Complaining about care

 

If you have a problem with any care provider and it’s a matter of when, not if,

there are set procedures to take and ways to protect yourself and your relative.

 

These differ, depending on the complaint and the provider. But there is a step-by-step approach to follow if you are to have any chance of action, improvement and/or success. Some people resort to placing hidden cameras to gather evidence, but frequent and unexpected visits are a must, if your relative is in a care situation – at home or in a residential home – especially if you have concerns.

 

1. If your relative has suffered physical or mental harm or been put in a harmful situation:

  • If you think a criminal offence has been committed – that your relative has been subjected to abuse or harmed, contact the Police immediately along with your local Social Services department - even if your relative is self-funding - and alert the care home owner.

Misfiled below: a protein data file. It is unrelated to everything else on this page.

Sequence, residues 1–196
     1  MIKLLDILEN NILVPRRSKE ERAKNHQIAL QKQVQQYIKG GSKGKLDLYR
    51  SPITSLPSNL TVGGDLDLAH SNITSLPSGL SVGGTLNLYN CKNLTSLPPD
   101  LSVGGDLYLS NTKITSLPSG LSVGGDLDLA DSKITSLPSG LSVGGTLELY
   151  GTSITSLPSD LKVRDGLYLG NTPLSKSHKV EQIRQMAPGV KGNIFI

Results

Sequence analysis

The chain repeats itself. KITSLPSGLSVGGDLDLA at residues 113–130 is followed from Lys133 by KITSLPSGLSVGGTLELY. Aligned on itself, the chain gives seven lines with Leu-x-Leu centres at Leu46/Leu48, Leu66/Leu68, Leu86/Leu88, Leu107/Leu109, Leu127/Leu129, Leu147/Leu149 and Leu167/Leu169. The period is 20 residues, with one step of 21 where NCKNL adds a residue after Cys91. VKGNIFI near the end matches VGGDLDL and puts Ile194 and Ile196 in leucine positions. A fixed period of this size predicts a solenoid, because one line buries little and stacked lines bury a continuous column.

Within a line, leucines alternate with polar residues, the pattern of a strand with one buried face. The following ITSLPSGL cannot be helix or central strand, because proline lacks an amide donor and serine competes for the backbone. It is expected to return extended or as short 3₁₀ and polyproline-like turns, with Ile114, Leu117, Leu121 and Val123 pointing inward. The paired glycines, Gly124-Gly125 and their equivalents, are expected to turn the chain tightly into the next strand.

• It may sound obvious, but DO NOT LEAVE YOUR RELATIVE IN A HARMFUL SITUATION OR ONE WHERE YOU THINK THEY MIGHT BE HARMED;

  • If you are concerned but don’t think a crime has been committed, notify local Social Services and the CQC as well as the care provider or home manager;

  • Check the care records – you are entitled to do so – and take a photo of the records on your phone and of any injuries or bad practice. If the records are inadequate, this is a very worrying sign, notify the CQC and Social Services;

  • Find out what options you have to move your relative to another care home or to another care provider;

2. Do not wait for things to improve - they won't;